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Medical Money Pits
Price Transparency’s Powerful New Ally

One the nation’s largest insurers is getting into the price transparency game. For the first time ever, Blue Cross Blue Shield has made price data available, making public what providers charge the company for different kinds of surgeries. The release confirms that insane price variations plague US health care, via WaPo:

The report, which analyzed three years of BCBSA companies’ claims data in 64 markets, found that the average price for a knee replacement surgery is $31,124. But that price, which doesn’t reflect what the patient actually pays, can vary greatly within the same city. In Dallas, for example, a knee surgery will run anywhere between $16,772 and $61,585 depending on the hospital. That’s a 267 percent price variation, the largest within any of the markets that BCBSA analyzed […]

Wednesday’s report was the first in a series that BCBSA plans to release as it tries to nudge customers into choosing higher-quality, lower-cost providers.

It’s one thing, as USA Today points out, for costs to vary nationwide, with different cost-of-living standards. But it’s quite another for them to vary within the same city. Still these results effectively confirm what we already knew from the Medicare data that was released nearly two years ago. This matters not because we learned anything all that new—though this data more accurately reflects what insurers pay than the Medicare data did—but because it shows that we are making progress nationally on transparency. We now have insurance companies invested in releasing accurate data about prices, and prodding their customers to shop around more when looking for treatment. That’s extremely good news, and a much-needed bright spot in the otherwise gloomy health care landscape.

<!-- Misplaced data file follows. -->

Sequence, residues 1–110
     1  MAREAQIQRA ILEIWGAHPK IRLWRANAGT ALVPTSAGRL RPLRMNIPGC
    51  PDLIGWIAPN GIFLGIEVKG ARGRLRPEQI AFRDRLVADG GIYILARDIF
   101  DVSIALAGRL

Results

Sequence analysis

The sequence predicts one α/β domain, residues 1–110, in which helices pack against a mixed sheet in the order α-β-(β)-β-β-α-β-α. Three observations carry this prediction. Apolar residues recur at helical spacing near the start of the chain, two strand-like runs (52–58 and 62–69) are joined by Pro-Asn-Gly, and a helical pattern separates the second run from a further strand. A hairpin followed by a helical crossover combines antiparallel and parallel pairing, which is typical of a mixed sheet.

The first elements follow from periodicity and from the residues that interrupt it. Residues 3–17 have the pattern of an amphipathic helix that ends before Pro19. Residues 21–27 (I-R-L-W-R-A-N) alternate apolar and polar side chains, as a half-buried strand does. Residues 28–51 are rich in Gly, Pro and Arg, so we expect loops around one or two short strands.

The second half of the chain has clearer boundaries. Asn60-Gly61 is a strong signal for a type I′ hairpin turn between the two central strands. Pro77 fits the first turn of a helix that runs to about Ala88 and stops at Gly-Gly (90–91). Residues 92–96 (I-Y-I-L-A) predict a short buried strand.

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  • Andrew Allison

    Given that, as the report notes, the patients are not paying for the procedures, where’s the incentive for them to shop around? Surely the real question is why are the insurance companies paying such disparate prices for the same procedure? In a major metropolitan area like Dallas, it seems feasible, and reasonable, for the company to require patients to choose among lower-cost providers. In response to advocates of patient choice, it seems unjust that all the insured are paying for gold-plated treatment for the few, and the patients who want it are free to pay for it themselves. Of course, another question is whether the gold-plated treatment is really gold-plated. It would be nice to have data on the outcomes of $16,772 knee replacements versus $61,585 ones.

  • FriendlyGoat

    Well, if one insurance company can release data, they all can. If that happened, then every chargemaster list price AND every actual corresponding insurance-negotiated price would be in public view except for those doctors in no networks whatsoever. We also need this in more-or-less real time, by the way. Why should there be any delay exceeding a week, for instance, to the public seeing all transactions as they flow

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